In an interview with Kara Swisher at Code Conference, Snapchat CEO Evan Spiegel criticized Facebook over its data protection practices and outlined how he believes Snapchat is distinctive from other social networks.
In response to a question about how he reacts when other social networks “borrow” their designs or products, and after declaring he takes it as a compliment, Spiegel stated, “I guess what I’m saying…is that we would really appreciate it if they copied our data protection practices also”.
The full interview is available on YouTube.
The question from Kara Swisher was in relation to Facebook deploying a number of features that had become popular on Snapchat. Two years ago even Instagram, which is owned by Facebook, deployed “Instagram stories”, which from a usability perspective lends heavily from “Snapchat stories”.
However, it was Spiegel’s comment about Facebook’s data protection practices that are likely to make the biggest wave. He’s also not the first prominent CEO to take aim at Facebook data practices in recent months, with Apple CEO Tim Cook stating in April, “We’re not going to traffic in [our customers] personal lives. Privacy to us is a human right, a civil liberty.”
Spiegel also discussed the nature of Snapchat’s philosophy and how it diverges from that of “traditional” social networks.
“I think fundamentally it’s important to understand that Snapchat isn’t just a bunch of features, it really has an underlying philosophy that runs contrary to traditional social media…and I think that’s why traditional social media feels threatened,” he said.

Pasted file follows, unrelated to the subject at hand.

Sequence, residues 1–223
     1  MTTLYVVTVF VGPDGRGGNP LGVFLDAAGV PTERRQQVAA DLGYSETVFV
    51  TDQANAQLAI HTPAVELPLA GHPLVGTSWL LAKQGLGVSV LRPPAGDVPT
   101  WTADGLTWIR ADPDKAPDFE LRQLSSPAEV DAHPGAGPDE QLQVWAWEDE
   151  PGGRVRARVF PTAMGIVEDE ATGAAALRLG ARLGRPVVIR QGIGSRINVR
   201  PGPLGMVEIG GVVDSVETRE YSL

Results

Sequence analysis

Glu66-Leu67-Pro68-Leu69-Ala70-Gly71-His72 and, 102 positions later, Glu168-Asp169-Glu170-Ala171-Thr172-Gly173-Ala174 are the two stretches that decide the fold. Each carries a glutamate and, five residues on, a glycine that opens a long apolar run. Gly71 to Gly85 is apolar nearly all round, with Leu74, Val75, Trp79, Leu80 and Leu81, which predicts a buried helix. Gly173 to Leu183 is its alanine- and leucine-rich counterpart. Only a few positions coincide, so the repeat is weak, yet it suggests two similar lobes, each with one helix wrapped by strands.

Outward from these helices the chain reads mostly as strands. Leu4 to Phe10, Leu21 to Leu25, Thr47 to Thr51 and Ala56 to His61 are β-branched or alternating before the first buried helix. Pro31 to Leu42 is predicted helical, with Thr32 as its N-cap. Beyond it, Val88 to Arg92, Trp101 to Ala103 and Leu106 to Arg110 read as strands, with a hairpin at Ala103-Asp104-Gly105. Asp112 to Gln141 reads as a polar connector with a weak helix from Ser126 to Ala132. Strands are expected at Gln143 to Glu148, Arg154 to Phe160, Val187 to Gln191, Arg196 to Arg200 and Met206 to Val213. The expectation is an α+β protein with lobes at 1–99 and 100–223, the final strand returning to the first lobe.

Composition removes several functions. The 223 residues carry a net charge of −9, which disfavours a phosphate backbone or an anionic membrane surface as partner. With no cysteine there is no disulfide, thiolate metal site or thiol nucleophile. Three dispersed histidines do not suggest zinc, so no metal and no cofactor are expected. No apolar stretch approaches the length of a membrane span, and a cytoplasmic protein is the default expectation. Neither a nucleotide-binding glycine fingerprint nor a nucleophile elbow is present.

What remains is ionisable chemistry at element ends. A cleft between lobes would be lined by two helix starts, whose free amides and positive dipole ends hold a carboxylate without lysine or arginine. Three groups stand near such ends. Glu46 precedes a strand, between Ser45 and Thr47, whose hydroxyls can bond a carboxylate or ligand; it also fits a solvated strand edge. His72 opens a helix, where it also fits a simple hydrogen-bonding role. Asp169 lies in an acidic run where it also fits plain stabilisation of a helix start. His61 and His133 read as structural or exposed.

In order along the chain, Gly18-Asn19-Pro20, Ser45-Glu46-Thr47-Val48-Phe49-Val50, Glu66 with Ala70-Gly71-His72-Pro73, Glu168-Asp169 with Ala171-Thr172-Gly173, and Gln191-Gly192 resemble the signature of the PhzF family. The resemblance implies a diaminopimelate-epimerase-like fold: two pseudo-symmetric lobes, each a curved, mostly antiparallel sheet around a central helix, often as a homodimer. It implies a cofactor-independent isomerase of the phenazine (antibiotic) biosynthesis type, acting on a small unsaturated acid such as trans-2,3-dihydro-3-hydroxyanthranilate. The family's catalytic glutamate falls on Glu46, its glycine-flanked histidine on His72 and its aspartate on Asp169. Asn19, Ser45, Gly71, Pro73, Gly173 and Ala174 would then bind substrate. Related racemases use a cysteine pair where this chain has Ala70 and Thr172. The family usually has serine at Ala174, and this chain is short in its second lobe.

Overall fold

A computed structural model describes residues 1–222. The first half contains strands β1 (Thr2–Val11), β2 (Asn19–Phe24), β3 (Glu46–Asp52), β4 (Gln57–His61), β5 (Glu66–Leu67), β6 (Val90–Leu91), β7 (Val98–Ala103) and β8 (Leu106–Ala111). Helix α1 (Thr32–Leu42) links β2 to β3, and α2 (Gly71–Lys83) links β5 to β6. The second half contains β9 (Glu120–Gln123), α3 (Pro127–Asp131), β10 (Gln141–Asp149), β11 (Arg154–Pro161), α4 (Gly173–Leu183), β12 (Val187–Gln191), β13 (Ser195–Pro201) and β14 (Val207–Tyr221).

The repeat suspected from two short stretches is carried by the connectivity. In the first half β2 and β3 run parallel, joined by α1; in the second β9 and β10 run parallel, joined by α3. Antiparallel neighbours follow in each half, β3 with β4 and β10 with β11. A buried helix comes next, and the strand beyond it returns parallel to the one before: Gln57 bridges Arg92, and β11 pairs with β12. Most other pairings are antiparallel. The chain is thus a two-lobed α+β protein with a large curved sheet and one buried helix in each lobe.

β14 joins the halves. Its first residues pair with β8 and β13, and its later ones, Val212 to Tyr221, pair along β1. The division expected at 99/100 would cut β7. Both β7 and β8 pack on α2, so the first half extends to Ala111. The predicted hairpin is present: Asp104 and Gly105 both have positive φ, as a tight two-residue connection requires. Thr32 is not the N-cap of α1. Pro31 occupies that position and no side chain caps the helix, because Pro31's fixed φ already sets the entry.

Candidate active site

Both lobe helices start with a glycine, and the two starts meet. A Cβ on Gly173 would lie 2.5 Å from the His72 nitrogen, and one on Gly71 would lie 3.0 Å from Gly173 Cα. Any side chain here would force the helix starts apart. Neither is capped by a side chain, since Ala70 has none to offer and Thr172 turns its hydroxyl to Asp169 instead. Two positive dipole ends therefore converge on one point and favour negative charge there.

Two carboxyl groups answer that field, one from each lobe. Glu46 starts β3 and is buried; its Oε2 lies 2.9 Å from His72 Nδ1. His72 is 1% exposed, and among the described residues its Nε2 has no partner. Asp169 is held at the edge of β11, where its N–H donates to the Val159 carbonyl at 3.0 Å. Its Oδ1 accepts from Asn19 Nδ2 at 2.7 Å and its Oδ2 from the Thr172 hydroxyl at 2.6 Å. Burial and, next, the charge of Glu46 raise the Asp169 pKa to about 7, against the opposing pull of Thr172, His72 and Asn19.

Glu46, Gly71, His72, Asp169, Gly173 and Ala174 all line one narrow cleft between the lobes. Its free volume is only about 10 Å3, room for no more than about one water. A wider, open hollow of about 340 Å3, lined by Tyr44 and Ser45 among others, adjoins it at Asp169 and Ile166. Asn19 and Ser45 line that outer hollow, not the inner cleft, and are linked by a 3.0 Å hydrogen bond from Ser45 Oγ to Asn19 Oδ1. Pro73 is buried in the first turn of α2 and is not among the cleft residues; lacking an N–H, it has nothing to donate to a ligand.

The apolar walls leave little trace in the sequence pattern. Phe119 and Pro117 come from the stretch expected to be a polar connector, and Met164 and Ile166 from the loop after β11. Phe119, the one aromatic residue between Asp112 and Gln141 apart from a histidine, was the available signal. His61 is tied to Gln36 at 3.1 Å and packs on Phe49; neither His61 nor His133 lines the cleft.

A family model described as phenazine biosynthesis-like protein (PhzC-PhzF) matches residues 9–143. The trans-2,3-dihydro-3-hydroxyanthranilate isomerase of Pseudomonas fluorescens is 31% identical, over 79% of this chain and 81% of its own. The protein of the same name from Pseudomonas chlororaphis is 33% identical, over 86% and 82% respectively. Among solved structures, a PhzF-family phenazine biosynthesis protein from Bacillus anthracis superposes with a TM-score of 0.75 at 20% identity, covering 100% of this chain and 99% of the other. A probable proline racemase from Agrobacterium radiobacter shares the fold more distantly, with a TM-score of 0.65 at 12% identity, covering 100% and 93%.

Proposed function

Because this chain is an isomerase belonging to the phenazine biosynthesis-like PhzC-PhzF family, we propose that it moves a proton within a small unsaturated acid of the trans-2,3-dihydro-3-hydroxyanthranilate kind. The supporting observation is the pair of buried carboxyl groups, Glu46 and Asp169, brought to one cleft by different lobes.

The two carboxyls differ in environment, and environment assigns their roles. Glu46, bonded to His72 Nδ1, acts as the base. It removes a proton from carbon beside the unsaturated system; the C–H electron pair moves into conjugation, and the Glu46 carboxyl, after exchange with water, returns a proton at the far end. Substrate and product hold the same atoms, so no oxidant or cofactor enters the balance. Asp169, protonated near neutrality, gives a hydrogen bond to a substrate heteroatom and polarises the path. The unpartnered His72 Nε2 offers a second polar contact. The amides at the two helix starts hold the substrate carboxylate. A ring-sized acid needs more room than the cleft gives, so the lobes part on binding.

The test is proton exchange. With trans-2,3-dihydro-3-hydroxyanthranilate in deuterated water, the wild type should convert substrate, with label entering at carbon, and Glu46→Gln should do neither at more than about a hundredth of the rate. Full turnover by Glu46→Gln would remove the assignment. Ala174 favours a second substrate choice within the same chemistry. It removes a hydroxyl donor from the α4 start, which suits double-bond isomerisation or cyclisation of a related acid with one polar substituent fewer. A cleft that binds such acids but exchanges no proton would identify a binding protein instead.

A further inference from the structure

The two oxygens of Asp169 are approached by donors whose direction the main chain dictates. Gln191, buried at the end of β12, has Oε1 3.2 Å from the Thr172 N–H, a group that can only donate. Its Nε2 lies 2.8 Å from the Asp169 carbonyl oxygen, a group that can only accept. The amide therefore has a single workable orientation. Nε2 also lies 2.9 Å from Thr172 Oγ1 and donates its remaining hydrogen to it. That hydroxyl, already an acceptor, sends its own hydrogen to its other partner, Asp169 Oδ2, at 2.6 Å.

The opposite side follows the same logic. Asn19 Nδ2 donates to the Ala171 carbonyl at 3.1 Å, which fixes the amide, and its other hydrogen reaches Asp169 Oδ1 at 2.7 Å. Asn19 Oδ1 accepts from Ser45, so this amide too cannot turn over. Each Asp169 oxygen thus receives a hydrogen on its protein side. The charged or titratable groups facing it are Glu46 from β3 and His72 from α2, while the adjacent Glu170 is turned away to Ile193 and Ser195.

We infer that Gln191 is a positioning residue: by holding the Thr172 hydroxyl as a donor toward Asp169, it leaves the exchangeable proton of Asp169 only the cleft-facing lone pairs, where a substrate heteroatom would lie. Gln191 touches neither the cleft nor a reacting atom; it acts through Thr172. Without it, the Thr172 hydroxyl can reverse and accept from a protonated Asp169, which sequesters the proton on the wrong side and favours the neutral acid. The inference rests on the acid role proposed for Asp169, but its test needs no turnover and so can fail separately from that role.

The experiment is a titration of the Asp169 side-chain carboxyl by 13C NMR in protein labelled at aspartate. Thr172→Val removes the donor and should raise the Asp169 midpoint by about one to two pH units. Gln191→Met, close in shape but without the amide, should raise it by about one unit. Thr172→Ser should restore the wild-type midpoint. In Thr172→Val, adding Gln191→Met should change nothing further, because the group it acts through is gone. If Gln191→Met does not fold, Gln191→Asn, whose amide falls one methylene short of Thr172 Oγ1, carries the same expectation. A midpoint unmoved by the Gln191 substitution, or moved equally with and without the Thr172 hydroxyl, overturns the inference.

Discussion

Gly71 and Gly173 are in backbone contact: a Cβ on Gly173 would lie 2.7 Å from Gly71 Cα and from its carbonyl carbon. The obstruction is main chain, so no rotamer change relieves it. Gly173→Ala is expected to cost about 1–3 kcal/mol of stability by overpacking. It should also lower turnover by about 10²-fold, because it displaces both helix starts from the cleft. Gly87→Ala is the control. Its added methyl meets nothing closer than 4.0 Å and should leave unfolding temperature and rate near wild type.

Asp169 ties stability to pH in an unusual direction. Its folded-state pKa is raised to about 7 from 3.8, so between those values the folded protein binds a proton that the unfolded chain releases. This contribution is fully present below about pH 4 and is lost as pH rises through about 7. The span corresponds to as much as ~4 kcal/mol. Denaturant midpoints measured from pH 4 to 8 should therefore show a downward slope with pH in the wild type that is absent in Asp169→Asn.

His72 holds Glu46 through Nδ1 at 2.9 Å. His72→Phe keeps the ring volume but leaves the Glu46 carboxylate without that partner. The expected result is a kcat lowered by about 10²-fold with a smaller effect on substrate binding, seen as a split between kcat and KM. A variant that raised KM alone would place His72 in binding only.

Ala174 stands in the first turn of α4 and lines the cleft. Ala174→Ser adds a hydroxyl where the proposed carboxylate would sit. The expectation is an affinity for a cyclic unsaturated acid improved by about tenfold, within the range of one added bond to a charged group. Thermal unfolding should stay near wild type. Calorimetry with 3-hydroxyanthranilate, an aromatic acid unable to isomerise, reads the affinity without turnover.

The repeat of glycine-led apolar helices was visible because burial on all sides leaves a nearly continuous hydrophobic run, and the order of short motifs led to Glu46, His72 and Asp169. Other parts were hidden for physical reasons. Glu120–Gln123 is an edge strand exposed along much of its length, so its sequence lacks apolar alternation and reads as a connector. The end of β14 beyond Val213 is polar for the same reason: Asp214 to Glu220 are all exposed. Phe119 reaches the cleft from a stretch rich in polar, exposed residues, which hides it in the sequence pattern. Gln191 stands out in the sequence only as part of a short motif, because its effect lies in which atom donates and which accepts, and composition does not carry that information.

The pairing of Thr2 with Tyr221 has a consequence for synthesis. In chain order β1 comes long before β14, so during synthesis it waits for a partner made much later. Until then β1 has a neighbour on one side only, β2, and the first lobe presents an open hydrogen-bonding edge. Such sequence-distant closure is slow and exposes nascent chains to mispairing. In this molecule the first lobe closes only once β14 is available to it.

“Fundamentally people realise that competing with their friends for likes and attention is kind of unpleasant.”
He also spoke about what he believes the future holds for Facebook and why Snapchat’s business model will prevail.
“[Facebook is] having a really hard time changing its DNA [and its] DNA is all about having people compete with each other online for attention,” he said.
“As times goes on I think it will become more and more clear to people that our values are hard to copy. I think over time, especially given the relationship we’ve built with our community which I feel is very strong, it will be harder to copy the essence of what Snapchat is.”
During the interview, Spiegel also discussed the criticism the social network received over its redesign.
“It’s important to understand the problem we were trying to resolve…at some point because you’ve added [so many] friends, and some of them you don’t know, you feel uncomfortable creating yourself,” he said.
“…that for us was worrisome…so we wanted to find a way to empower people to express themselves, to keep that small group of friends but at the same time expose the whole world of content that’s on Snapchat…
“…in terms of the philosophy I’m excited about the progress we’re making, in terms of the execution we have to continue to evolve and iterate the product…”